Malaysia continues to take the lead in the Asean takaful industry with 71% share of gross takaful contributions, according to a report by Ernst & Young. Malaysia has a largely underinsured population with a low insurance penetration rate and strong government support for the Islamic finance sector. With a proven model and regulatory clarity, the country is set to further build on this leadership position. At present, Malaysia’s takaful sector derives nearly 78% of its net contributions from the family takaful business. However, globally the recent trends suggest an deceleration of the industry. Hence, expansion of the takaful industry is relatively slowing as firms struggle for scale and face growing competition, but the sector is still poised to sustain double-digit growth, said the report in its overall findings.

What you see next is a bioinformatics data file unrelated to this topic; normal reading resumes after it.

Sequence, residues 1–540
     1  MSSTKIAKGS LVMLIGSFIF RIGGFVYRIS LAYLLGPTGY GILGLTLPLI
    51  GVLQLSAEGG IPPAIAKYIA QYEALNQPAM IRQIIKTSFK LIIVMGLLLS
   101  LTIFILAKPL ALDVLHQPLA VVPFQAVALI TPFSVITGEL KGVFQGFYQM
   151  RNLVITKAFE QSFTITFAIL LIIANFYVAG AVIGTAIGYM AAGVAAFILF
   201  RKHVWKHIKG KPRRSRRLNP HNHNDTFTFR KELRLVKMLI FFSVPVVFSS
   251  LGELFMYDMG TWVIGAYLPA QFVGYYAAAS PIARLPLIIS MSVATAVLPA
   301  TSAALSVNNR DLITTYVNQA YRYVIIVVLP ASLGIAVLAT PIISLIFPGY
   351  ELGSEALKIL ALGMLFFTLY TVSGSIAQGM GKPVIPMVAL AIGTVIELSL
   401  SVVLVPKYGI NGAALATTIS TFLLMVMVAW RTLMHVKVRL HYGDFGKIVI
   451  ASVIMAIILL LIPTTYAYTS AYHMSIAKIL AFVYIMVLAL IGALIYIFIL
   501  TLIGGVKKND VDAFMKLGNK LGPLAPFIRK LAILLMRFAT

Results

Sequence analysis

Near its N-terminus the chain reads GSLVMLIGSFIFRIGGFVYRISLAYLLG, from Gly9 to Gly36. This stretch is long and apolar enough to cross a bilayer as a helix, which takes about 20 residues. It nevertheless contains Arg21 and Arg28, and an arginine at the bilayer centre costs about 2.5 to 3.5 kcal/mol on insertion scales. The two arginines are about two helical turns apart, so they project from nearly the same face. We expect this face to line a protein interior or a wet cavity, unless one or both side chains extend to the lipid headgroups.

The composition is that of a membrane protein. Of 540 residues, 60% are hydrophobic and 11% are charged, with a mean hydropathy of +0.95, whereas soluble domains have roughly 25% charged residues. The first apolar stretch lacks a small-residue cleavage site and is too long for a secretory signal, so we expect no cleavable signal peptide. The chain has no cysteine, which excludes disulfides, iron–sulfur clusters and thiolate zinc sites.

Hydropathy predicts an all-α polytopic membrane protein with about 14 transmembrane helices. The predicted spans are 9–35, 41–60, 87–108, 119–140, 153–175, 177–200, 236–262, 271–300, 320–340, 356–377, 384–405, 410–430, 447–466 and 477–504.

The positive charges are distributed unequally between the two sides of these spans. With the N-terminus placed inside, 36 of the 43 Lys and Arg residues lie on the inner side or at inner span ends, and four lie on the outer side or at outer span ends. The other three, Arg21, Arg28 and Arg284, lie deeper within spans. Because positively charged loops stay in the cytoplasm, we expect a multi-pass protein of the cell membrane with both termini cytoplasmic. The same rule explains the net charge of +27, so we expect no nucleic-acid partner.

Islamic portfolios attract ethical investors in US

Ethical investment which has similarities with Islamic based investments has reached US$32 trillion (RM105.6 trillion) in size in the US and the European Unión, according to Nicholas Kaiser, a global investment manager specialising in the issues of ethical and Islamic investment. Though the number of very wealthy Islamic investors in the US were scarce compared to investors in conventional funds, he said his Amana funds are doing very well in the US. The funds attracted American citizens from all backgrounds and Muslim investors are only a small number of the investors in the Amana fund, he added. Nevertheless, it appears that while Amana’s success is the result of the discipline of its Islamic investment nature, investing in Islamic stocks does not necessarily bring profit to the investors.